UCL Discovery
UCL home » Library Services » Electronic resources » UCL Discovery

Built environment report 2004-2005: The economical impact of an urban hollow - examination of the redevelopment project after the great Hanshin earthquake

Chiken, F; (2005) Built environment report 2004-2005: The economical impact of an urban hollow - examination of the redevelopment project after the great Hanshin earthquake. Doctoral thesis , UCL (University College London). Green open access

[img]
Preview
Text
Chiken.Fumio_thesis.pdf

Download (15MB) | Preview

Abstract

This paper examines spatial problem in the redevelopment project introduced by the government as a method of reconstruction of Shin-Nagata area in Kobe city after the Great Hanshin Earthquake. Reviewing the catastrophic damage of Shin-Nagata Area, the government decided huge redevelopment project as an urban planning, which is mainly based on the removal of small alleys inside urban blocks and the construction of many huge buildings in the town centre. However, what this spatial transformation brought is re-intensification of local urban blocks, and an "urban hollow" appeared in the town centre. Far from reconstruction, it aggravated economical decline which has continued before the earthquake as an inner-city problem. Due to the re-intensification of the urban blocks, density and interaccessibility within the town centre were decreased. In addition, the appearance of new shopping centres, which have spatially good conditions, plunged the town centre into the difficult situation. Summarising these facts, it turned out that the new spatial layout brought in the redevelopment project cannot contribute to the economical reconstruction of Shin-Nagata area.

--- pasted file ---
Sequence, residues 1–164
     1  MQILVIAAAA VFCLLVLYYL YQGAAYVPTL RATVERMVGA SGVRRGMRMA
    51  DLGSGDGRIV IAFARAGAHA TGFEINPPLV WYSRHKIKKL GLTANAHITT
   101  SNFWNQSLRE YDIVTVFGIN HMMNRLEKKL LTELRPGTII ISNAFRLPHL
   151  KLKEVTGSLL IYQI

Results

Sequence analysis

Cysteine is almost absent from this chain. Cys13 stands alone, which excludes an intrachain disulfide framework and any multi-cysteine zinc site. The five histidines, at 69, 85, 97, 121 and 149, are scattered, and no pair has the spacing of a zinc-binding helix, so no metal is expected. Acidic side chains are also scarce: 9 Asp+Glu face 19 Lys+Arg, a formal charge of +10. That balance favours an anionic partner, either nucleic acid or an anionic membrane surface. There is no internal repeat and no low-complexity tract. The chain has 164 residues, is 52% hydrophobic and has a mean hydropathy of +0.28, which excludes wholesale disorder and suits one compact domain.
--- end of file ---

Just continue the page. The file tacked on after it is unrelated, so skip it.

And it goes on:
Type: Thesis (Doctoral)
Title: Built environment report 2004-2005: The economical impact of an urban hollow - examination of the redevelopment project after the great Hanshin earthquake
Open access status: An open access version is available from UCL Discovery
Language: English
Additional information: Thesis digitised by ProQuest.
UCL classification:
URI: https://discovery.ucl.ac.uk/id/eprint/1567878
Downloads since deposit
20Downloads
Download activity - last month
Download activity - last 12 months
Downloads by country - last 12 months

Archive Staff Only

View Item View Item